A regular feature in the New York Times on Fridays is the piece where someone goes and visits a city, wanders around, eats at some local places, sees the sites, and then writes about it. O.K. That might be a bit simplistic of a synopsis, but the point is that these are quick bites about a place, rather than in-depth explorations of a city’s delights.
Please don’t think that I’m faulting this genre in any way, in fact, quite the contrary, I enjoy reading the pieces each week and have pulled quite a few articles for my places-to-be-visited collection. So, I was especially interested in today’s topic for “36 Hours” – my hometown-ish of Washington, D.C. – and curious to see the writer’s take on it. (click here
for article) I was sort of disappointed, however, to see that he barely touched on some of the myriad eating establishments that dot the city’s landscape (Galileo
, and Kinkead’s
Not ever hailed by any stretch of the imagination as one of the great culinary cities of the United States, or the world for that matter, I find it fascinating at how much has changed in the 10-plus years since I’ve lived in the area. While there were always a few stand-out restaurants, the stars were usually hidden amongst the reams of mediocrity and the downright awful – and I’m not just talking about the hot dog carts or the government-agency cafeterias (though I’ve eaten at both). Now, there seem to be plenty of choices and price ranges for places where one can find a good meal.
Here are some of my thoughts on the author’s recommendations about where to go and what to eat while visiting the Nation’s Capital. You’ll note there’s not a “death dog” cart among them. [Please note that the link to the original New York Times article will only be active for a week. After that, it is available for a fee from their archives service.]
) – Remember the rooftop power breakfast scene in No Way Out
? Here’s your chance to feel as though you are on top of the world in D.C., at least as long as you are ordering food and drink. They used to do a decent lunchtime burger and on crystal clear days the place was as packed as the Metro’s Orange Line to Vienna during evening rush hour. Last time I went there was for post-work drinks which were also good. It’s one of those places that is always on my to-recommend list for out-of-towners.
) – This is recommended as a place to go to for dinner. I wholeheartedly second the comments about how this Penn Quarter (where do they come up with these names?) locale feels like an NYC joint except that, frankly, there’s tons more space here for folks to crowd up than at most Manhattan establishments. To me, it sort of feels as though it is trying to “be New York” and to cater to the younger hip D.C. crowd that decided that they didn’t want to live further north.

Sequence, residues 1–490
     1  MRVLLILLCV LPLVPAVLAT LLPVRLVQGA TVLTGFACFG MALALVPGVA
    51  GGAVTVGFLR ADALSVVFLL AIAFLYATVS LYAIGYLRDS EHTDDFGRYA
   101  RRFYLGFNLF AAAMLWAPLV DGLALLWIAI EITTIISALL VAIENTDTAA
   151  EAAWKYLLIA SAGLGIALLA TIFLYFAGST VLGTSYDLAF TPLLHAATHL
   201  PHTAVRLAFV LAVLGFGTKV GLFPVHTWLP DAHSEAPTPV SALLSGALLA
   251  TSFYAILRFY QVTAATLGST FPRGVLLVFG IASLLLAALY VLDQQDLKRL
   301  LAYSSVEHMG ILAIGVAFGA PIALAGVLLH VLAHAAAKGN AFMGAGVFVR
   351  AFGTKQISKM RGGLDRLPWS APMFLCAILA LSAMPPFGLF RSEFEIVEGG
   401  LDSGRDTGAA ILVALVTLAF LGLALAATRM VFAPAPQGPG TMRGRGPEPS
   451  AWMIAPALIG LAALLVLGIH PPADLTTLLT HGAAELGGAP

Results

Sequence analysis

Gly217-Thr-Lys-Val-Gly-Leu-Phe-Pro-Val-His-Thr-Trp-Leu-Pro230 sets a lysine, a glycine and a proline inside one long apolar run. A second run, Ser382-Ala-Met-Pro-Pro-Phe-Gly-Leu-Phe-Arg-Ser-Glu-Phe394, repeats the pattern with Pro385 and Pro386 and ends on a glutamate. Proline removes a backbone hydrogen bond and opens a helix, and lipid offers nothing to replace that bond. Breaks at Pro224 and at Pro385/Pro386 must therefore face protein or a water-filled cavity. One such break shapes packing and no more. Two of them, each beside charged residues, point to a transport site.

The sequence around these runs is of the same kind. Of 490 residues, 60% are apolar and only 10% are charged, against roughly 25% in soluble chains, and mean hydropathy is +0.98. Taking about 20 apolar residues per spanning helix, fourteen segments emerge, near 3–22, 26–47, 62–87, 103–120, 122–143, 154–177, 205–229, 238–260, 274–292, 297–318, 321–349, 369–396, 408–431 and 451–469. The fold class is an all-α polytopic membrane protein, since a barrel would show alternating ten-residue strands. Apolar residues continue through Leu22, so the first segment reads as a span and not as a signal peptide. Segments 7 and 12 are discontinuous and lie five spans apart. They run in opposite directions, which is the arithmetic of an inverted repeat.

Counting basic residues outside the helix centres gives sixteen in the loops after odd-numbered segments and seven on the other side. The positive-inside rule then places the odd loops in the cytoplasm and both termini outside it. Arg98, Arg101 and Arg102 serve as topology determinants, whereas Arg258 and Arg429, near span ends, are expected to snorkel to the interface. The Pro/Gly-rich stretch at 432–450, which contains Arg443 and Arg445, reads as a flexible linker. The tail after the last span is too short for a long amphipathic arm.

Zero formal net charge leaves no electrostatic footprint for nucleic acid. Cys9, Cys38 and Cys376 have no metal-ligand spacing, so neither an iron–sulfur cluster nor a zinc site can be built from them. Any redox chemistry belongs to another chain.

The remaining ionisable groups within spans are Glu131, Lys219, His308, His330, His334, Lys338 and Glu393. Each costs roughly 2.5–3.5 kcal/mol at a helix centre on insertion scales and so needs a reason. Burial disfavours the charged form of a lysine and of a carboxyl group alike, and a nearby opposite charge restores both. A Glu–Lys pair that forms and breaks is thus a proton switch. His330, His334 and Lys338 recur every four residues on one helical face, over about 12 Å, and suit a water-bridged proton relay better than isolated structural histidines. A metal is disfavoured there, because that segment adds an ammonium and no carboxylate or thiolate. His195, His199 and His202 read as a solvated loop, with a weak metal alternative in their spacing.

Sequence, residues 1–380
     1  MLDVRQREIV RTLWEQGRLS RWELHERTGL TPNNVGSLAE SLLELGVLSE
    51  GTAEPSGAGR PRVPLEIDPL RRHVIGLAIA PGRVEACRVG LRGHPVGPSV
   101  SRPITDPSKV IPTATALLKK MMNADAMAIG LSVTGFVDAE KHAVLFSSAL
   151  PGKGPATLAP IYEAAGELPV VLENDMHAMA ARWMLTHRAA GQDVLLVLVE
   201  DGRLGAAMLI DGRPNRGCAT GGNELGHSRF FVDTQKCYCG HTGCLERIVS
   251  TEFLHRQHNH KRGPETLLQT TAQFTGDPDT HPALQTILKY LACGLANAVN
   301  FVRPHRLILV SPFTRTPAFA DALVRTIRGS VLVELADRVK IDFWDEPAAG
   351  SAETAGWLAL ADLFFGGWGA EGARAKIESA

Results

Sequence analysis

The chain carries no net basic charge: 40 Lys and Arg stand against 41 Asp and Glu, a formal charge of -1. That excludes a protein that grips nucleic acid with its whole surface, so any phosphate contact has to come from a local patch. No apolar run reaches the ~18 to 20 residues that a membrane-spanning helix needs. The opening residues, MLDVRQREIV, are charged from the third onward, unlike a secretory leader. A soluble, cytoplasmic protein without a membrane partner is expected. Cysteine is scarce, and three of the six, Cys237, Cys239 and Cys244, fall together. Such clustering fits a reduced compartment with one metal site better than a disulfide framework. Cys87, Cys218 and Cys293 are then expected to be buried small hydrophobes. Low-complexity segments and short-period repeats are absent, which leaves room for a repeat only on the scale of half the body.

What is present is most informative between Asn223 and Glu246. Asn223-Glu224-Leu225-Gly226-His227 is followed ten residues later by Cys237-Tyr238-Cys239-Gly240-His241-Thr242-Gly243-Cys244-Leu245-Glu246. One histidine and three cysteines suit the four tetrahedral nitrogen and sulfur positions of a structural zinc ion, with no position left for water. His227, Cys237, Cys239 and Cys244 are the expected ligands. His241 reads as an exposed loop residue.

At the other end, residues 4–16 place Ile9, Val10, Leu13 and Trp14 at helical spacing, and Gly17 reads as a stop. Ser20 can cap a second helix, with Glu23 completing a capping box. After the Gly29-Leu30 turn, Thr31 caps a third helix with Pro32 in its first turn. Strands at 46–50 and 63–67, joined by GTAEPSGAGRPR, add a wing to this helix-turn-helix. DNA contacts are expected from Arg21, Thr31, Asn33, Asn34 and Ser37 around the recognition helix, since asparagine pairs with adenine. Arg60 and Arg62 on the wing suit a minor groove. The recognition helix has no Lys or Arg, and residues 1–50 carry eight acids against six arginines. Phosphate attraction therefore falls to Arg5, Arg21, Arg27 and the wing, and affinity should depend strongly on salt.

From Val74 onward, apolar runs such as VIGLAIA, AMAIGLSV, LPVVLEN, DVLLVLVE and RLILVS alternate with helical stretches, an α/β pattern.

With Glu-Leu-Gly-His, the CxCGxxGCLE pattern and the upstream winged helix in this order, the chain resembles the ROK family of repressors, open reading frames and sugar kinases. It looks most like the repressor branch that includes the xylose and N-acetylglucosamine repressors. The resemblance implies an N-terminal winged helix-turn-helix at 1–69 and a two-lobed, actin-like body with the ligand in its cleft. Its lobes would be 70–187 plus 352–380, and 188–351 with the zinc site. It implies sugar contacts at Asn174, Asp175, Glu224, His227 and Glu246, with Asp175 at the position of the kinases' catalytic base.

The bar is huge and usually packed and the tables are close together, but the food is what made me want to try this place when I first heard about it. The small plates and wide variety of tasty Mediterranean (mostly Turkish) menu items make this great for groups and for those who like options. As a big fan of this cuisine, I was pleased to see it make it to D.C. Warning: it doesn’t take reservations so you’ll have to wait at peak time.
) – I haven’t been here in forever. While I can’t figure out why the author of this article couldn’t find a single place to recommend in Northwest until he ate dinner on his second night in town, I can’t fault his choice in cuisine. One of the surprises of Washington is that its good Italian places are very good. The other end of the spectrum is completely awful. Definitely go with this tried and true selection and spend a night out in Georgetown in the bargain (which you probably haven’t done in a while), dreaming about how you always imagined you’d buy a townhouse here. I don’t recommend running “The Exorcist Stairs” until at least an hour after you’ve eaten.
National Gallery of Art
) – Yes, the museum cafeterias even have their own special site on the NGA homepage – no starving artists here. The food at these restaurants has always been serviceable rather than spectacular. With a dearth of places to eat around the Mall, they provide a nice respite from tromping around to all the rooms in the East and West Wing galleries.
Hey, get going, the exhibits are all viewable for free in Washington! With New York museums jacking up their prices for entry to their collections ($20.00 “suggested” for the Met?!), there’s no excuse not to try to see what’s on display in D.C. Have you seen Van Gogh’s “Roses” yet? It’s gorgeous. Then, you can see the Hope Diamond at the Museum of Natural History, which you haven’t done since that elementary school field trip.
Buon viaggio e buon appetito!